Jason: But having a dedicated executive director who is focused on everything from building the brand, getting the events going to the actual investment process itself, I think that's something. Is much more seen at larger and more mature angel networks, and I think that's something that provides you guys an interesting opportunity to almost leapfrog some other opp stages of growth.
Sebastian: Jason be, Before I came here, I had an opportunity to be a part of the creation of an angel network from Scratch, which is the South Coast Angel Network down in Corpus Christi. From there, when we were doing that, the folks down at the Rio Grand Valley wanted to do something similar to what we were doing and so long story short, directly I was directly involved with scan with the creation of the South Coast Angel Network and indirectly with the Rio Grande Valley Angel Network, just because they used to come up to Corpus Christi and pick our brains on how we had done it.
And I can tell you that the main differentiator from what I've seen in my experience with this networks, and what I am experiencing now with Alamo Angels is what you've just shared. Most of these places have a part-time executive director or someone that's doing it on the side or just dedicating a percentage of their time towards the success of such network for us is we knew when we evaluated this as an opportunity, we knew that if we were to do it, we definitely needed to put the resources into it and take that to the next level.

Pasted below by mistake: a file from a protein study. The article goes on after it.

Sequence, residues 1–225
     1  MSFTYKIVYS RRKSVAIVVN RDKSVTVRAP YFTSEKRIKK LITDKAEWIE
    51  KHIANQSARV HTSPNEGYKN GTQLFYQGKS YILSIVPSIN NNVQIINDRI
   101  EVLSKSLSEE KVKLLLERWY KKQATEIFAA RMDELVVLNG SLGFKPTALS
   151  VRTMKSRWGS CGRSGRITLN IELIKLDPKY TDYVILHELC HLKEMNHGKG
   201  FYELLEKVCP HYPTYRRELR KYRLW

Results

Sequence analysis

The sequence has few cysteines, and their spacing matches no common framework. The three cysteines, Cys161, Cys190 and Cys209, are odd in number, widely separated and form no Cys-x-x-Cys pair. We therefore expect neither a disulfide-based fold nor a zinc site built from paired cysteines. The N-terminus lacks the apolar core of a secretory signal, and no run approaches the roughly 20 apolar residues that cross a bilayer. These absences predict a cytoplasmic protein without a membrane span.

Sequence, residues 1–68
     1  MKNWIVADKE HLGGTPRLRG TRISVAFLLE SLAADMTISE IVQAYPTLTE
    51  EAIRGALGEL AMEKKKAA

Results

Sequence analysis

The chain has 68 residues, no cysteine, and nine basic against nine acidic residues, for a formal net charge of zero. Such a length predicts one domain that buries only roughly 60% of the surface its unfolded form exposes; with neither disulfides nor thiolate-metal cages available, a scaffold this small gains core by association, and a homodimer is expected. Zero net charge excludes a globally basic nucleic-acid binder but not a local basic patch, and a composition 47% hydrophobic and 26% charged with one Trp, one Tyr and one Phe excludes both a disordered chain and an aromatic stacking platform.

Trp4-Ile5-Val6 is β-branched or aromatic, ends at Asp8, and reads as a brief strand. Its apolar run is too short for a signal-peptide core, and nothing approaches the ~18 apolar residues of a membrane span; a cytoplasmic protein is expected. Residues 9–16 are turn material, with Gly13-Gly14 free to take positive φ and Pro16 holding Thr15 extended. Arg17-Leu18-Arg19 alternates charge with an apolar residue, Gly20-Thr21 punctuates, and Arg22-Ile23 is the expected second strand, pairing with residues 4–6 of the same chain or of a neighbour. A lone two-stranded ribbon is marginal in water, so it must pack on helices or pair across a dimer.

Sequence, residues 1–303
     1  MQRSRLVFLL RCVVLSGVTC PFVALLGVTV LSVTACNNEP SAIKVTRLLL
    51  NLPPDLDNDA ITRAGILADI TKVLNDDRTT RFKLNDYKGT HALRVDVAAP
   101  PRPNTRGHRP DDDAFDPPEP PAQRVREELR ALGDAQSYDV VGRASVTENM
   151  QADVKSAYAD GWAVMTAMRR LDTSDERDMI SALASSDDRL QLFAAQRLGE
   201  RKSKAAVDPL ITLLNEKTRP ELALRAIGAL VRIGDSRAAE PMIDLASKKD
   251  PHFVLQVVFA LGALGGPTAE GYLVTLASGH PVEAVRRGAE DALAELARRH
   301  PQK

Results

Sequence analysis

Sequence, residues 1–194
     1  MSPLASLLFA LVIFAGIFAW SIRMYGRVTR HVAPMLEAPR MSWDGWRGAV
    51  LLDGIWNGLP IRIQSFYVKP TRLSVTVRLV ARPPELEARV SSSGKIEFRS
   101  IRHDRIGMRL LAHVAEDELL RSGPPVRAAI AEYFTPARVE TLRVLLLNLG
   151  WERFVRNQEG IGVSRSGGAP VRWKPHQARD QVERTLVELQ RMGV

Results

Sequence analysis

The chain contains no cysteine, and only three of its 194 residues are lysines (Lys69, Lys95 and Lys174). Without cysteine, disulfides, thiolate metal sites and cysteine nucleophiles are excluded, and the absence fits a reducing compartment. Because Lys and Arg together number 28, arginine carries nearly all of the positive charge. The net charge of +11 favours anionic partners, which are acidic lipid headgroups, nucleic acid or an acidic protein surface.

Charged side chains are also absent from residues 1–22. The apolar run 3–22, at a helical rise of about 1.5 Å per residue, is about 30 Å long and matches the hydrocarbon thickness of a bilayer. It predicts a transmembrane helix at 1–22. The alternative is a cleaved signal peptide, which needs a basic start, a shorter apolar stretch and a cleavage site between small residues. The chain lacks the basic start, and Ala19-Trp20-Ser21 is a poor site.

I don't know what would've happened. If the TRTF did not step in and, integrate Alamo Angels into our family of businesses. But what I do know is once that happen and we put the resources behind this, I think that was a big game changer for us as an organization and for San Antonio as a community in general.
An ecosystem is comprised of many different parts, and access to capital is one of them. And having an established, an active angel network, it's a very important element within that ecosystem. And so I think that we're trying to fulfill that. I know that there is room for improvement, just like with any other organization, but having those resources and putting the time and the effort towards making sure that this is successful, I think it's a game changer.
Jason: So walk me through the Alamo Angels operating model. What's your guys thesis? Check sizes, sector, What are you looking.
Sebastian: So one big differentiator and I have to highlight this because a lot of times people. Think of us as Velocity or TRTF, which are very highly focused on life sciences. Right TRTF, it's our parent entity Velocity.
It's our sister organization. So we all operate very independently. And the biggest difference among each other is particularly between velocity and angels. We are industry agnostic, so we are investing in companies regardless of the industry where they're coming. And that is not the case with t RT or Velocity, which are much more focused within the life sciences.